Out of Jevington was nothing short of gruelling. I felt we were on a vertical climb, but it was credit to our week away that we managed it with neither a break nor a pause in conversation – we are becoming carthorses. Another gash scythed out of the rock, where a gentleman was flying his model aircraft (big boys and big toys) dropped dramatically away to our left as we began the descent into Alfriston.

The Descent to Alfriston (Beer!)

The Descent to Alfriston (Beer!)


We managed to entirely miss the Long Man of Wilmington, a figure dug into the chalk a very long time ago – arguments abound as to precisely when – but I am pleased to say we have seen him before so we weren’t too miffed.

Alfriston… ahhh… Alfriston! A lesson that needs to be learned. It is such a pretty village, but it has succumbed entirely to the temptation to fleece unsuspecting tourists and passers-by for whatever they have left in their purses. The George Inn charges positively outlandish prices for poncey-looking meals (I overheard a Spanish couple also commenting on the massive expense – baratisimo – as they perused the menu outside the establishment) whilst the pub down the road – now a brasserie, if you please – has at least the decency not to pretend it is doing anything but go upmarket. Not a hope of a pint of bitter there, though. The only remaining possibility for a relatively well-priced meal and a pint of beer is the Angel. Not inspiring, but it would probably have been all right. So disheartened and disgusted were we, though, at being shoved over a barrel and held to ransom in such a fashion that we sank a beer, begrudgingly, in the George and resolved to soldier on to the next settlement. There were several choices (our itinerary now, obviously, well out of the window) including Seaford – not our first choice; Litlington – rather small; and a promising-looking OS Explorer pint jug symbol signalling a pub near Cuckmere Haven.

Some of us were getting a little grumpy at this point. It had been a long time since our last meal and we had walked a good 8 miles by this stage. But on we plodded, narrowly avoiding a bit of a set-to with a feisty-looking herd of cows and their calves, to Litlington. The path from Alfriston to Litlington takes you along the Cuckmere river and is a terribly pretty route, probably the easiest going of the whole walk. The pub here (the Plough and Harrow) looked fine. The menu was reasonably-priced and consisted of delicious-sounding meals, but the time was 5.45 and they didn’t start serving food again until 6.30. Not knowing where we were going to camp for the night and needing to be far enough on with our journey to get to Eastbourne again relatively early the next day, we did not want to risk such a long stay and resolved to keep going to our next hope – Cuckmere Haven. Should this fail, Seaford was to be our last resort.

Litlington to Cuckmere Haven was gorgeous. Once again, the climbs were punishing, but the South Downs Way led us through Friston Forest to the timeless little haven that is Westdean, where every house is a picture postcard, and back up through Red Riding Hood country until we emerged to the awe-inspiring view of the Cuckmere Valley and the Seven Sisters Country Park.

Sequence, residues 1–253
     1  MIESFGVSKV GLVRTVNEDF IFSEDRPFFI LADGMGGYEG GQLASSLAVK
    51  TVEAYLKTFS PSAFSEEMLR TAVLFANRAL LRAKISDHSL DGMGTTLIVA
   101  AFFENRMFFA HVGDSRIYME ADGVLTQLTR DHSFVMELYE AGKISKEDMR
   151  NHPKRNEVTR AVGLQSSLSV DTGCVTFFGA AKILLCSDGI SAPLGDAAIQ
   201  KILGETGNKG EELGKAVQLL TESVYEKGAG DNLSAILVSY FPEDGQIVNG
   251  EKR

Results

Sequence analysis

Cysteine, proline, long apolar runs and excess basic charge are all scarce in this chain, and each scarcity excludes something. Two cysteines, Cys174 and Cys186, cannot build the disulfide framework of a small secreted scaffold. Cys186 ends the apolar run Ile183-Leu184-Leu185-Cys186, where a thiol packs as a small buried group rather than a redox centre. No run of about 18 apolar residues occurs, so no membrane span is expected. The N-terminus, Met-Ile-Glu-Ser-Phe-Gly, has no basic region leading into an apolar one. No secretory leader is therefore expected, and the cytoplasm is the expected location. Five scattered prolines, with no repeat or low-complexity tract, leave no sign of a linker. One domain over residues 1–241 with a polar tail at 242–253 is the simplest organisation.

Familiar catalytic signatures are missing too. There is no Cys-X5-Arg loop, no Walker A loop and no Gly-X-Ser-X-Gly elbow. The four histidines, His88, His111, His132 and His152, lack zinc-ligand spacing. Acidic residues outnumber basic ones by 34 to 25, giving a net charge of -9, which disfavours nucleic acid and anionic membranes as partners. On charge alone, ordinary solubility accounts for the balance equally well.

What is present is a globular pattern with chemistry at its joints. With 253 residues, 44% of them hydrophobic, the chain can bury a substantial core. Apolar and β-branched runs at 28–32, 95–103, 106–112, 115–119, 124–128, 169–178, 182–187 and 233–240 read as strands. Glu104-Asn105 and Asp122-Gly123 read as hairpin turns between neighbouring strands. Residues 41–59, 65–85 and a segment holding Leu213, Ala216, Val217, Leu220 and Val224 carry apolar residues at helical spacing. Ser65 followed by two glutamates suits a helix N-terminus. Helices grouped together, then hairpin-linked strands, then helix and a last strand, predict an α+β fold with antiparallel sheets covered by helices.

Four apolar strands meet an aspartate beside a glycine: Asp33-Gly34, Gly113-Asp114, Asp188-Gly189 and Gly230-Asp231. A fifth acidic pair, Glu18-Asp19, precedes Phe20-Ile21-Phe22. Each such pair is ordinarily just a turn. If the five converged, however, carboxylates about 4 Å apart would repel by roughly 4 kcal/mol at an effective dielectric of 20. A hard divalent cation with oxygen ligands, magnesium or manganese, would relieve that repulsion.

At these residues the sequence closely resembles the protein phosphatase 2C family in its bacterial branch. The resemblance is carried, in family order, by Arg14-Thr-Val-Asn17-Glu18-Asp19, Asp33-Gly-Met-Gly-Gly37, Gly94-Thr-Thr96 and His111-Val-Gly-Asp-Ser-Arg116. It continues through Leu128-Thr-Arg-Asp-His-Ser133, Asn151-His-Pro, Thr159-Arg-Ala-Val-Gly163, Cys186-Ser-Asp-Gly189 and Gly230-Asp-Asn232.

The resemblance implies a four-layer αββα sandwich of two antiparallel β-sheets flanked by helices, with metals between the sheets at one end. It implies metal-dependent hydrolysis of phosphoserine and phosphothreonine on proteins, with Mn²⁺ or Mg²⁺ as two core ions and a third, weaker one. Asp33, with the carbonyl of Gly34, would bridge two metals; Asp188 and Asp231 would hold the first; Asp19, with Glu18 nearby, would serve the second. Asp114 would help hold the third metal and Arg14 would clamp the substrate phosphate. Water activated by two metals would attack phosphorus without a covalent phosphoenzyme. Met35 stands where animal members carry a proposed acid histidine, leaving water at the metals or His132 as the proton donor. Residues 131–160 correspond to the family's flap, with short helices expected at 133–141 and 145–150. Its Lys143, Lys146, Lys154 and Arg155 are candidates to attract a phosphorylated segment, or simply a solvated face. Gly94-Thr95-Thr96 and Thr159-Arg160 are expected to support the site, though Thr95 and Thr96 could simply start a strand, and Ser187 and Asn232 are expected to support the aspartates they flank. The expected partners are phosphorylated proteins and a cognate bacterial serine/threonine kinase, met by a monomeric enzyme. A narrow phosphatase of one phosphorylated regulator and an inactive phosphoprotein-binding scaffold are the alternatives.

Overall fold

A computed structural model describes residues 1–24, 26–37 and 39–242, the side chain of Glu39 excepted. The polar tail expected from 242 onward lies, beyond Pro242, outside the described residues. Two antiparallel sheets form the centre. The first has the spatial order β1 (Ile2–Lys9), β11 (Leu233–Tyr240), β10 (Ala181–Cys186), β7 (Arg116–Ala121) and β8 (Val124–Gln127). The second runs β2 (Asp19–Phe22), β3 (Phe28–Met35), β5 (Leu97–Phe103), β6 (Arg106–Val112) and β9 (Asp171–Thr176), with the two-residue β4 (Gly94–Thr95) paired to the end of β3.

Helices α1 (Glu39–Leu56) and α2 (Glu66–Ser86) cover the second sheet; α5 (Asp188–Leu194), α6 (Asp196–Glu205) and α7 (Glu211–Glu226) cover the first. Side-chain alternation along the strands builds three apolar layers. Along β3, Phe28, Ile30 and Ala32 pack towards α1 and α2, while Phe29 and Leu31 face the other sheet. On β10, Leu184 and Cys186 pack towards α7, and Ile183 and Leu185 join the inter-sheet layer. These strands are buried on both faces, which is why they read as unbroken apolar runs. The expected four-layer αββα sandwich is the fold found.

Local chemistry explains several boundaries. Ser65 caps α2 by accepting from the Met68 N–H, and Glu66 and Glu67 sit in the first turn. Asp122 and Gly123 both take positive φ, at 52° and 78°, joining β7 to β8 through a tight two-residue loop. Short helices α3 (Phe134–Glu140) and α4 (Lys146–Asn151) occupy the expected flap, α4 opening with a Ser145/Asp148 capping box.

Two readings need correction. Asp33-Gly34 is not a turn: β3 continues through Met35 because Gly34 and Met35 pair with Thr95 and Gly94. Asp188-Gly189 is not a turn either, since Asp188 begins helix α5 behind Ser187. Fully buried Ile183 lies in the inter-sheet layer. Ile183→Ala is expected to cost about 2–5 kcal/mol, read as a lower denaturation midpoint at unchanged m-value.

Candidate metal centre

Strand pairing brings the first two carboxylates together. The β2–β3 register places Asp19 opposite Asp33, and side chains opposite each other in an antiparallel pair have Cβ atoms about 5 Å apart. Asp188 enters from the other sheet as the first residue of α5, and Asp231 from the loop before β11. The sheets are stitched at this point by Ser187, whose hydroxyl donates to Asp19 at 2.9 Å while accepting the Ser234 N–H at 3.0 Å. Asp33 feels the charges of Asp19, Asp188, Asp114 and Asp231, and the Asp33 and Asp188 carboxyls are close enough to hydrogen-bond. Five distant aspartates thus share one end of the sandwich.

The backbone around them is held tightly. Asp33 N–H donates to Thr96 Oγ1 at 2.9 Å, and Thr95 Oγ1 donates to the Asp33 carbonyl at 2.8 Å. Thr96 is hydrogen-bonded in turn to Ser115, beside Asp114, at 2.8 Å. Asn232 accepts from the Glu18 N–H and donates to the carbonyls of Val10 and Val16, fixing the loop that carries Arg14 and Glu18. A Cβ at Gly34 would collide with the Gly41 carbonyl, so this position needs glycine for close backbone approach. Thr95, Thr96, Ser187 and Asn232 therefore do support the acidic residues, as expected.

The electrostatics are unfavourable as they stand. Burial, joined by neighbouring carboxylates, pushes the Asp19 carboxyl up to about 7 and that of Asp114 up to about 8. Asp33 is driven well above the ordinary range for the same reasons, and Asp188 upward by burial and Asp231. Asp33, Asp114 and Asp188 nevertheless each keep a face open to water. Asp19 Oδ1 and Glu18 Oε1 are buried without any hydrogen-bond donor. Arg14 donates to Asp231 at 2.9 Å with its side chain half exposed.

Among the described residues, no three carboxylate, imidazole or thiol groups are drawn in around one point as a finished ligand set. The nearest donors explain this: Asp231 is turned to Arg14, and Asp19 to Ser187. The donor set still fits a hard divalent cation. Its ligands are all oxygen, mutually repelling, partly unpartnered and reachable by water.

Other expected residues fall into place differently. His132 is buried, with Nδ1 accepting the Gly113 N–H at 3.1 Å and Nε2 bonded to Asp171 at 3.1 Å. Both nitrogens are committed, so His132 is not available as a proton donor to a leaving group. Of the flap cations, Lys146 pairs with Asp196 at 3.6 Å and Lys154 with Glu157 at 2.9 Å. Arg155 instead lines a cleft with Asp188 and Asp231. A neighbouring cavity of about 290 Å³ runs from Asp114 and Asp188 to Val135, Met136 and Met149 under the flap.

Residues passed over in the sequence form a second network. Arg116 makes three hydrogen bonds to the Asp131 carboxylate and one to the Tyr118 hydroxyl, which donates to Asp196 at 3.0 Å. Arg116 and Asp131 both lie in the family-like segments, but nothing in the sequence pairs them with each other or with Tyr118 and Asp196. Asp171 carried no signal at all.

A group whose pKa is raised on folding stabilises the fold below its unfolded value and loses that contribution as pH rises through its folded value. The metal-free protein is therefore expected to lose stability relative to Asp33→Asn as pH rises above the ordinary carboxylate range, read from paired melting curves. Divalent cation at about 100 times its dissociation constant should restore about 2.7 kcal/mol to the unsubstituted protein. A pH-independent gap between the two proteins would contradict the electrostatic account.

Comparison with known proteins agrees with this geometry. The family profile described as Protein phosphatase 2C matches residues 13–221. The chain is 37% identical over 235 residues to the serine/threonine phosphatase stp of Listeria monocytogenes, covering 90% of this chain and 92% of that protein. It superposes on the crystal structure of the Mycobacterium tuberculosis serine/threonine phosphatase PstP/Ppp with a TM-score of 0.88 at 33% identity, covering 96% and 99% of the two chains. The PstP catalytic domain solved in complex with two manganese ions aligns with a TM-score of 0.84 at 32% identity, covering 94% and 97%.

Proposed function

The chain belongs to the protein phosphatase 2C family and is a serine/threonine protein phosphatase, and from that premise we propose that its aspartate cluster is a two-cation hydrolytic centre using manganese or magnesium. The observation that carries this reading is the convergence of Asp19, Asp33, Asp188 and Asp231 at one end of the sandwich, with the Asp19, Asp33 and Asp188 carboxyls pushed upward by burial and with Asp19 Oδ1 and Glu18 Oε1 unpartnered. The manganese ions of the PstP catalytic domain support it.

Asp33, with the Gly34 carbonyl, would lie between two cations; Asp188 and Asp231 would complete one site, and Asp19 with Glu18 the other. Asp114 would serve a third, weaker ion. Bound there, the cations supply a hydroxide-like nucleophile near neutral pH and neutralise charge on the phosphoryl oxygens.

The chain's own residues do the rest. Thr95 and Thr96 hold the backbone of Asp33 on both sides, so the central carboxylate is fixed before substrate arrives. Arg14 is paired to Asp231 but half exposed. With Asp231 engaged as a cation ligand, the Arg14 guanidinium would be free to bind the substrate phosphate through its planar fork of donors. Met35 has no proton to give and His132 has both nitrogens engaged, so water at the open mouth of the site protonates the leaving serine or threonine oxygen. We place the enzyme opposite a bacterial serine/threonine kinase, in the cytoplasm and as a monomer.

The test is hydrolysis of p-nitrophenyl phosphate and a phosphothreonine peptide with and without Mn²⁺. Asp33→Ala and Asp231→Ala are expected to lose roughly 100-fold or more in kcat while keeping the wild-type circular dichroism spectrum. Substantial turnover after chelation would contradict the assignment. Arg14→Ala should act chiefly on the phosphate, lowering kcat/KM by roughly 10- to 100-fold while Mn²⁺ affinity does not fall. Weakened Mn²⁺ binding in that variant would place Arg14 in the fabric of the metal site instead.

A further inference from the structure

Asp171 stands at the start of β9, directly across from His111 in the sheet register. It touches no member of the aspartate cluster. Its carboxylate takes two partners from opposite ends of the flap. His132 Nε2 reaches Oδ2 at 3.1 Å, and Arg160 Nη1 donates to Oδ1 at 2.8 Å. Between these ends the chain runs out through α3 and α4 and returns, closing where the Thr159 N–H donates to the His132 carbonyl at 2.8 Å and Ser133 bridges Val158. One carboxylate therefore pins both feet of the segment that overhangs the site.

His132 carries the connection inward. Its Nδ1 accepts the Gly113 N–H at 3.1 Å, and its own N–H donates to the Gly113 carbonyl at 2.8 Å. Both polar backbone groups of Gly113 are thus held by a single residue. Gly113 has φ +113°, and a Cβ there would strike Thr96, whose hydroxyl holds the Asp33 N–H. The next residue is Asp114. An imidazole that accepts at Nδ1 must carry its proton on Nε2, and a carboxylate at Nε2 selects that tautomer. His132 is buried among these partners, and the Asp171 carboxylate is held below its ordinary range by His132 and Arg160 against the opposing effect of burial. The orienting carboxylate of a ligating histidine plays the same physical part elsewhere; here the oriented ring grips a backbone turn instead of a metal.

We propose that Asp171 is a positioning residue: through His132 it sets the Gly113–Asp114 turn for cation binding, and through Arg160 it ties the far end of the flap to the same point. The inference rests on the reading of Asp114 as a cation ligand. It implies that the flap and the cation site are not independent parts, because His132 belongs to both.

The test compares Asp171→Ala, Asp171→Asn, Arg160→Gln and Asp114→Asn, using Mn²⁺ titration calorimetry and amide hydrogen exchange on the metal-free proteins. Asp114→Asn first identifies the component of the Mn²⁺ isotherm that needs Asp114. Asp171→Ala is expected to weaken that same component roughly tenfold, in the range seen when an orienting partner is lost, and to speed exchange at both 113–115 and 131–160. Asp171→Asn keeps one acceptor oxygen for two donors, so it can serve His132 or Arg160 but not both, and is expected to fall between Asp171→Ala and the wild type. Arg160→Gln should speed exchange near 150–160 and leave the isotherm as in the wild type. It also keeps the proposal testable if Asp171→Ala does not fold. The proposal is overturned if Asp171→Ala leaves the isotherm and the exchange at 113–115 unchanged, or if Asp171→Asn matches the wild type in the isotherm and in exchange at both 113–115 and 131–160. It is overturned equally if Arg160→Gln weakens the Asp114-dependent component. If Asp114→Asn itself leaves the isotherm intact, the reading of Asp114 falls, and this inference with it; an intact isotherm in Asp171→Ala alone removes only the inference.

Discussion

Cuckmere Haven from Friston Forest

Cuckmere Haven from Friston Forest

On trembling knees we descended the slope to the main road which brings you out just by the Visitors’ Centre at Cuckmere, opposite the public car park. A short and increasingly hopeful walk along the road delivered us to the Golden Galleon – a welcome sight for the weary walker and oh, so very sympathetically priced. To add to our general delight, they had as guest ale Theakston’s Black Sheep – the very beer we drank a little too much of in Alston! Our faces warming and spirits reviving, we partook of some breaded mushrooms and a very welcome burger and chips, washed down by that rather lovely ale, and contemplated the horror of finding somewhere to pitch our tent in unknown territory in the dark (again! Will we ever learn?!) Stumbling out into the black, Jem came up with the rather clever solution of the grass along the bank of the Cuckmere’s meanders behind the car park.

It was a most fortuitous choice. Beautiful by night it was yet more so at 6.30 the following morning as we packed up our (rather damp) tent and prepared to be on our way. Dozens of geese flying overhead were our alarm call, a swan eyed us idly from its vantage point on the river, a white heron and a pair of cormorants flew by as we watched in speechless awe. Luck again, eh?

Eschewing the bus to Eastbourne, we opted instead for the five-mile yomp to give us an appetite for breakfast. It did not disappoint, but took us again through Friston Forest and Westdean, on into yet more and unutterably beautiful deep, dark wood (where we paused and employed our little stove for a well-earned cuppa) to Friston which was expansive but utterly deserted, with manicured lawns and empty houses – all a little eerie, out onto the farmland which was to take us the rest of the way back to town. Where we enjoyed a good ole English breakfast washed down with cups of tea. And caught the train home.

A weekend well spent, I am sure you’ll agree.

I have extracted a promise that next weekend we’ll do nothing. I mean, nothing. Except maybe watch a movie or two…

🙂